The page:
An encounter on the edge
As she drew closer, I could make out more of the features that defined her and the child. Her hair was long, strait, and tied, while the child’s was short and messy. Both took on gangly forms, like the thin and drawn out zombies in B-rated movies from the 1970’s. Their skin was darker than mine, no doubt a fact of where they came from mixed with the realities of crossing hundreds of miles of open terrain exposed to the elements.
When they were close enough, I could see the lines drawn within their skin, cracks from dehydration, scars from blowing sand and cactus encounters, bites from insects, the putrid aroma of sweat that clung to a body after weeks of neglect.
The child at this point was asleep, head buried in the neck of its mother. To go so long without food, clean water, or basic care drained the life from the small form.
She was alive, but without life.
The mother was hardly in any better shape. Skeletal fingers and spindly arms reached out to me as if I were an aperitif night, her way of grasping at a mirage that, through great cruelty, forgot to disappear. At first touch drops of salvation formed in the pit of her eyes, only to be retracted into a body that refused to give up what little moisture it could hold on to.
This was the badlands, the high desert where nothing native survived. She and her child were from the tropical forest, many planets from here, and were unprepared for the reality of so spartan a life.
As I took the child, the form of the mother folded to the ground in front of me. With one hand, she slowly, hesitantly, touched the edges of her lips. The other hand trembling forward, point in at the child. I took my canteen, moistened a few fingers, and held them to the lips of the child in my arms. The little one stirred, then tried to suckle the tips of my fingers.
When everything else in nature fails, we revert to the most basic of impulses.
It was then that I noticed their clothes, tattered shreds of cloth that hung loose in places, but inexplicably clung tight in others. Black and red spots glued the cotton to their bodies in multiple places, and the mother’s right knee was seeping with reddish green foam.
I held out the canteen to the mother. She looked at me, confused, until I showed her the spout at the top, and poured a bit of water into the palm of her hand. I held her head, placed the spout to her lips, and gently tipped the canteen forward. Water ran down the side of her face, and I could see the muscles in her throat trying to relearn the motion of drinking.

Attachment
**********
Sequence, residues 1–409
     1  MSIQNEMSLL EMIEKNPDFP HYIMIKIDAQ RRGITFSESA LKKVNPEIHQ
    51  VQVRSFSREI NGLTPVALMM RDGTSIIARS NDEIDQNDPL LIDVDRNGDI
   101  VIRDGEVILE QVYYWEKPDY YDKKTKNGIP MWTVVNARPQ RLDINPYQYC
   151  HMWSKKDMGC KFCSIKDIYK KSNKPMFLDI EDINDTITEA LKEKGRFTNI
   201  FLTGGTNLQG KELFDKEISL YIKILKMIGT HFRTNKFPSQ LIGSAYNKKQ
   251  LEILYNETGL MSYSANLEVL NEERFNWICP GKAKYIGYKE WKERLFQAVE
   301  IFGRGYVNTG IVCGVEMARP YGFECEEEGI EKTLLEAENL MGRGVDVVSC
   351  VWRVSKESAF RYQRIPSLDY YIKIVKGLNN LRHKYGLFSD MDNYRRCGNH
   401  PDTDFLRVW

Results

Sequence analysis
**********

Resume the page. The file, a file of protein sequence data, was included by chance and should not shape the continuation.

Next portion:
Once again, I moistened my fingers and held them to the child’s mouth. The child jerked, stirred, and looked up at me. It cried, thrashed its head, and upon locating its mother, held out its arms for rescue.
I took another water from my bag, this time in a grocery store bottle that had yet to be opened. I twisted the cap, and held it out. The mother took it gracefully, slow and reserved, hesitant that I might try to take it back.
Once they had both drank from the bottle, I helped them up, took the child in my arms, and motioned to the mother to follow me. The mother hesitated, unsure if her legs could still support her, unsure of taking another step. I held out my arm to her, braced my hand upon he elbow. When we moved, it was as if each step were a momentous accomplishment, already forgotten by time.
“Where are you taking us?” The voice landed on my ears like a wood file, deep and soft, barely perceptible above the wind. They were probably the first words she had spoken in days.
“To safety,” I whispered back.
We stopped often to drink, more often than I am used to, but each time she and the child drank they did not take much. Their bodies had grown accustomed to doing without. It would take a while to reverse the mechanisms of going without. It would take time.
The vast desert is a harsh environment. Hundreds of people die every year trying to cross it. But they still make the journey.
It is amazing what we will do in the name of hope.